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Gas laws

From Wikipedia, the free encyclopedia

This article outlines the historical development of the laws describing ideal
gases. For a detailed description of the ideal gas laws and their further
development, see Ideal gas, Ideal gas law and Gas.
The early gas laws were developed at the end of the 18th century, when
scientists began to realize that relationships between the pressure, volume
and temperature of a sample of gas could be obtained which would hold
for all gases. Gases behave in a similar way over a wide variety of
conditions because to a good approximation they all have molecules which
are widely spaced, and nowadays the equation of state for an ideal gas is
derived from kinetic theory. The earlier gas laws are now considered as
special cases of the ideal gas equation, with one or more of the variables
held constant.

Boyle's law
Main article: Boyle's law

Boyle's law shows that, at constant temperature, the product of an ideal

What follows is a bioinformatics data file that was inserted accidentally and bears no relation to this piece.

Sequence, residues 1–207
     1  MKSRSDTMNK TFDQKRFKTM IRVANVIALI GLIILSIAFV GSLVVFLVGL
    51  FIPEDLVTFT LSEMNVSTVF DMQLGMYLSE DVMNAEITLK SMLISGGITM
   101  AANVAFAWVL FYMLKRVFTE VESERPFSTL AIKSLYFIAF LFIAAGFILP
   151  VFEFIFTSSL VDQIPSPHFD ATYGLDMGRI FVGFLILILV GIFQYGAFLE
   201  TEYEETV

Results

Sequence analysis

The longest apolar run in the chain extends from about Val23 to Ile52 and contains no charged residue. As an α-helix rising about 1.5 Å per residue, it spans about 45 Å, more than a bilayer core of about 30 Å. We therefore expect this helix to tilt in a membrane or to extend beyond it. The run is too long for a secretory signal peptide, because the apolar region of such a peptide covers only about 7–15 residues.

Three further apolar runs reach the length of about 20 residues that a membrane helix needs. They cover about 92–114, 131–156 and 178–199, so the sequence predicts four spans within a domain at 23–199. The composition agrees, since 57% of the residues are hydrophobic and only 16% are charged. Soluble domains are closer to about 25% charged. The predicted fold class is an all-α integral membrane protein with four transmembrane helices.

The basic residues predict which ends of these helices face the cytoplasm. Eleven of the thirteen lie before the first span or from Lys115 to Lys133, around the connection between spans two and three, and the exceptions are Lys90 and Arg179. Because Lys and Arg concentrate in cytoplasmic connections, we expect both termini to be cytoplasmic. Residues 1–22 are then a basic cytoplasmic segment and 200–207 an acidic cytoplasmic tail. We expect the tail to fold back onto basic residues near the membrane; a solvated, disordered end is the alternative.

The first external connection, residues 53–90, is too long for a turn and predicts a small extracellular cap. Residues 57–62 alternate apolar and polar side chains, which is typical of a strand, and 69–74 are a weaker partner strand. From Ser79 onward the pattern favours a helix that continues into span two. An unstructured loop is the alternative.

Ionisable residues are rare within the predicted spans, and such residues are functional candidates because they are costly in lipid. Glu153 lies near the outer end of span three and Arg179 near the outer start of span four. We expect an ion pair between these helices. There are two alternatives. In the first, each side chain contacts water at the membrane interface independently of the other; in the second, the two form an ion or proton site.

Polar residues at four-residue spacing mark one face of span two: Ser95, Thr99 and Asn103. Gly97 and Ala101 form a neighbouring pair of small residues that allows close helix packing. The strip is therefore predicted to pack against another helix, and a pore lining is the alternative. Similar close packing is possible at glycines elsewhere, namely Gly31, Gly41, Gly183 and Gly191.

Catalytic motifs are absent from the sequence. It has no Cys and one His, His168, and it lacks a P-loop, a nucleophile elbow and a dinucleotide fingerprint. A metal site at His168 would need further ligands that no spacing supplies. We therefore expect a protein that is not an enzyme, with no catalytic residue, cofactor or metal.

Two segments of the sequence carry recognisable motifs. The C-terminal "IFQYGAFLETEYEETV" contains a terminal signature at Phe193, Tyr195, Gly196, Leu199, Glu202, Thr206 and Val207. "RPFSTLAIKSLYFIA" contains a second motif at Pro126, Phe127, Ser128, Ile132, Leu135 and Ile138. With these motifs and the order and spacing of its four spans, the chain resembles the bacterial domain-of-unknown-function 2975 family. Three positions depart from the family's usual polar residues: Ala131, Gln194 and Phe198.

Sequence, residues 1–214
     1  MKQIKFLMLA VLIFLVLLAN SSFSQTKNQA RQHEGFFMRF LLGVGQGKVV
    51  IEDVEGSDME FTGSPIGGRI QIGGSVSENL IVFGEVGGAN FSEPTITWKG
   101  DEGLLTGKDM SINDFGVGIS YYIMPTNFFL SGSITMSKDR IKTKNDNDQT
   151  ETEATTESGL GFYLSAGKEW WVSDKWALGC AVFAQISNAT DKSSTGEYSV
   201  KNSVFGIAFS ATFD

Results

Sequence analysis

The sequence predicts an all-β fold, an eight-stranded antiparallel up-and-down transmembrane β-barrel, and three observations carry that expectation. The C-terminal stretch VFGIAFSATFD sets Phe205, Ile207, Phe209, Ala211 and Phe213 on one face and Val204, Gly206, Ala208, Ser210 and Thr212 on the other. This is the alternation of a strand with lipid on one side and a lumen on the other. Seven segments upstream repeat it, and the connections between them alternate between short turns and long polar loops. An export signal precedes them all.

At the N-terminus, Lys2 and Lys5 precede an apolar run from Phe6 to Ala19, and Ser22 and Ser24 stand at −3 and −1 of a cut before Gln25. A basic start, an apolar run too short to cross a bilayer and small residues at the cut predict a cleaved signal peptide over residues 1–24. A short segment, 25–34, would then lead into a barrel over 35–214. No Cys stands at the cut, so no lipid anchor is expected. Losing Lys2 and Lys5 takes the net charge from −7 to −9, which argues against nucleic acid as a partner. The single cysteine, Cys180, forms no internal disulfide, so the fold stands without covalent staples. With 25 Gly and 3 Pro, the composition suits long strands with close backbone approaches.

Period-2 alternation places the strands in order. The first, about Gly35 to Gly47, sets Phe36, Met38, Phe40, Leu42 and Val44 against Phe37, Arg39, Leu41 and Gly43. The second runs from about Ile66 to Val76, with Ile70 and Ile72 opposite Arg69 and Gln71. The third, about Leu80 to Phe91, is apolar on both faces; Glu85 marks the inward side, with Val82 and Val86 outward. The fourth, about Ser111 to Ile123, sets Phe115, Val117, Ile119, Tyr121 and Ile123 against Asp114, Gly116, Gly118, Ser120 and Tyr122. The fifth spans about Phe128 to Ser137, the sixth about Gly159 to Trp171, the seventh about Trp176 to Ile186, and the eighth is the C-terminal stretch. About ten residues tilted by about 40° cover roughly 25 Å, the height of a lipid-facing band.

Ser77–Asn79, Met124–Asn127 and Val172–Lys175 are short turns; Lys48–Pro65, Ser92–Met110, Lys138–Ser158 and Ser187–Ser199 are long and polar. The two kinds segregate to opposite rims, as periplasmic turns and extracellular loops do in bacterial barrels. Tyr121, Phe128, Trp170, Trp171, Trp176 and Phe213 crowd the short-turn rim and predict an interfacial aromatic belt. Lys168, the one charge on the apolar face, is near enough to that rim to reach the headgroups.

gas's pressure and volume is always constant. It was published in 1662. It
can be determined experimentally using a pressure gauge and a variable
volume container. It can also be found through the use of logic; if a
container, with a fixed amount of molecules inside, is reduced in volume,
more molecules will hit the sides of the container per unit time, causing a
greater pressure.
As a mathematical equation, Boyle's law is:
Where P is the pressure (Pa), V the volume (m3) of a gas, and k1
(measured in joules) is the constant from this equation—it is not the same
as the constants from the other equations below.

Charles's law
Main article: Charles's law

Charles's Law, or the law of volumes, was found in 1678. It says that, for
an ideal gas at constant pressure, the volume is directly proportional to the
absolute temperature (in kelvins).
This can be found using the kinetic theory of gases or a heated container
with a variable volume (such as a conical flask with a balloon).

Where T is the absolute temperature of the gas (in kelvins) and k2 (in
m3·K−1) is the constant produced.